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December 1967

Bifurcation of the Facial Nerve

Author Affiliations

From the Memphis Foundation of Otology.

Arch Otolaryngol. 1967;86(6):619-631. doi:10.1001/archotol.1967.00760050621005

GROSS ABNORMALITIES of the facial nerve in the temporal bone are rare, but they occur with sufficient frequency that the otologic surgeon must be mindful of their possibility. In the past, mastoid operations for suppurative disease drew attention to intraosseous aberrations in the vertical segment of the nerve's course. These have been well documented.1-9 An increasing number of reconstructive middle ear operations with the operating microscope require that middle ear facial nerve anomalies be equally well recognized.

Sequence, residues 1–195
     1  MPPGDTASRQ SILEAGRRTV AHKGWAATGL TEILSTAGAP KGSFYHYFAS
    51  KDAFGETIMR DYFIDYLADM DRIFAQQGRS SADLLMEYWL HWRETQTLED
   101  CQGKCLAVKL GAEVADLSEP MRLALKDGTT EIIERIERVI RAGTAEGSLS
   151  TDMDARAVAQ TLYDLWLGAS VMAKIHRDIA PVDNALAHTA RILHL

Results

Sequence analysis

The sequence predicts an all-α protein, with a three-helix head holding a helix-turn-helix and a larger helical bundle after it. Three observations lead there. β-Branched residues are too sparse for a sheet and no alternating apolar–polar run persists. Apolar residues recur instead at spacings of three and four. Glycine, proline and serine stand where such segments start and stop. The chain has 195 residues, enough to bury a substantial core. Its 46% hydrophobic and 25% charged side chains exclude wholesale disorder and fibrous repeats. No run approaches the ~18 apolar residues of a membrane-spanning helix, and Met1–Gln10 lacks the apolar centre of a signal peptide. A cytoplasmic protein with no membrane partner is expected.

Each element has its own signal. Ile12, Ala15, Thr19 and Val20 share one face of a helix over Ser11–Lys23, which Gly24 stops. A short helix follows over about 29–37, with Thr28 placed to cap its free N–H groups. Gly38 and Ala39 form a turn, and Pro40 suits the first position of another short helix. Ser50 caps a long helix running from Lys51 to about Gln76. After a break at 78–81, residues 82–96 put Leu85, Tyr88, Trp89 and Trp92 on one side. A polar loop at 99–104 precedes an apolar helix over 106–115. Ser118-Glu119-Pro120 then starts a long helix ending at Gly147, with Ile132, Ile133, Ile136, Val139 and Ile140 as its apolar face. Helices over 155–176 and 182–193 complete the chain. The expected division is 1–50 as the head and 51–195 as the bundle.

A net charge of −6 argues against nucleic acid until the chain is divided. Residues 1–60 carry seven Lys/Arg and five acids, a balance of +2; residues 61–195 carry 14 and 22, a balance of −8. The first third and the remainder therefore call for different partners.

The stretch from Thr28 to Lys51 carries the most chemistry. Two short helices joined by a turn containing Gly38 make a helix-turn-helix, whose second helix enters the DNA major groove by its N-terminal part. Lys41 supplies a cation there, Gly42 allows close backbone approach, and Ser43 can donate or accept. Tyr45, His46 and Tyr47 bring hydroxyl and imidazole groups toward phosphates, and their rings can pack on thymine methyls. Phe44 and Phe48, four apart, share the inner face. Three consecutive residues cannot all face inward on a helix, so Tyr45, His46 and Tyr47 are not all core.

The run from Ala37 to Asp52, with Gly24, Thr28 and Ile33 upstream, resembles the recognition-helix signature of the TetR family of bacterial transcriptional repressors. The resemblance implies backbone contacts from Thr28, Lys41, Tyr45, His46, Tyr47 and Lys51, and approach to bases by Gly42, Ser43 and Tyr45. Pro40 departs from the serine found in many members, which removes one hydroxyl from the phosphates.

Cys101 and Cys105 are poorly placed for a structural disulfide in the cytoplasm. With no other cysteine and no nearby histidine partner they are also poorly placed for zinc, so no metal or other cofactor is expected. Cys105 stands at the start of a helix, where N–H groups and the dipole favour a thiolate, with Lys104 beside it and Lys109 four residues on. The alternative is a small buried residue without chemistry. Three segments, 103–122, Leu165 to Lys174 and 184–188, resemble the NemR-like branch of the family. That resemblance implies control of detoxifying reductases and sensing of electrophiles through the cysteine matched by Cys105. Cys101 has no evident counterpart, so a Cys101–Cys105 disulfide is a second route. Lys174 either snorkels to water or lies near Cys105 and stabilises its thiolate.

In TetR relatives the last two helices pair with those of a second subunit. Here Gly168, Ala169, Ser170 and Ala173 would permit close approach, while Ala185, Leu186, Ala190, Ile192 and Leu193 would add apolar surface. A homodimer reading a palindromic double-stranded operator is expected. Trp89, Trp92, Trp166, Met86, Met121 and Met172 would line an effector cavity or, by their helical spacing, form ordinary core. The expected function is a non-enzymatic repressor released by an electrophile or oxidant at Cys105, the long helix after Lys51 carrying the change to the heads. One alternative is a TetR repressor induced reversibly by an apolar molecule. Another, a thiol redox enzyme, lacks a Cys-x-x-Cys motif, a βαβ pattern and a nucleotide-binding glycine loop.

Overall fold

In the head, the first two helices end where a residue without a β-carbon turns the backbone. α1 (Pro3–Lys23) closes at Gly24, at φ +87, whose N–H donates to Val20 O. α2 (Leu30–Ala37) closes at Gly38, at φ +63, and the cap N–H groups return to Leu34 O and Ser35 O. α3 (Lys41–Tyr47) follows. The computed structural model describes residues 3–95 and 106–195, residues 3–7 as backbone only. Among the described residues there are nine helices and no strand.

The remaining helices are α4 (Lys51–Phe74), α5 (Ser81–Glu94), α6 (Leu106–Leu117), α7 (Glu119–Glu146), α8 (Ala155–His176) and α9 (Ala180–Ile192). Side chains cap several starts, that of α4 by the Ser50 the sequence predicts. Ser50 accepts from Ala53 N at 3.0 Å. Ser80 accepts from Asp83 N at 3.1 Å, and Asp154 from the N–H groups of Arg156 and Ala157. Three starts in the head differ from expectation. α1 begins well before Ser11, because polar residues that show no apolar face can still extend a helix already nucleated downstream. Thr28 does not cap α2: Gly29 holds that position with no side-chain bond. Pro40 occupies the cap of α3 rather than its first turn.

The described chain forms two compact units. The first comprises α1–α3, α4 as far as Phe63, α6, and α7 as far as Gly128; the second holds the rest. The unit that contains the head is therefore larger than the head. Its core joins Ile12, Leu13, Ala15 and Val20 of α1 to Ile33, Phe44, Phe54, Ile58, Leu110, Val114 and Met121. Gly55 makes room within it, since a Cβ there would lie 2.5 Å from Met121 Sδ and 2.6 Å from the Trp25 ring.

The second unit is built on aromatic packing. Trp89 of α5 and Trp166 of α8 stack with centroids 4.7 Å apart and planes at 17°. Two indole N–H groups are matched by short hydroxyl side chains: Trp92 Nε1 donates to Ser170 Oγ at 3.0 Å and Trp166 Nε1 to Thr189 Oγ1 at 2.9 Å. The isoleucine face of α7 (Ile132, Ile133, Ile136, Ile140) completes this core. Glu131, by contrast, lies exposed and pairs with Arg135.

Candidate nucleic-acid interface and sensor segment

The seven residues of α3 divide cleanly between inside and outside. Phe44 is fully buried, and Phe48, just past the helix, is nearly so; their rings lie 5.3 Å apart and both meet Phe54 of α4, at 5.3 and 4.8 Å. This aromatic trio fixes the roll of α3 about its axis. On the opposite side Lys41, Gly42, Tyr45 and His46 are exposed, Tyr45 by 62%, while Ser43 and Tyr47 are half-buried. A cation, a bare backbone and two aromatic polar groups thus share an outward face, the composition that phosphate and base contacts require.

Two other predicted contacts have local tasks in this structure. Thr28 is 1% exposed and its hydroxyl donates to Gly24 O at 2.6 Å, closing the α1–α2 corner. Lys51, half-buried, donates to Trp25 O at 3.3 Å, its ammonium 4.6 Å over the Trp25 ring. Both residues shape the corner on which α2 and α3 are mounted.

Normal Anatomy of the Intratemporal Part of the Facial Nerve  According to Anson,8 the nervus intermedius (of Wrisberg) and the motor root of the facial nerve enter the opening of the facial canal (aqueductus falopii) in the fundus of the internal auditory meatus. The composite nerve passes laterally between the cochlea and the semicircular canals, toward the medial wall of the middle ear. It bends suddenly backward and runs in that

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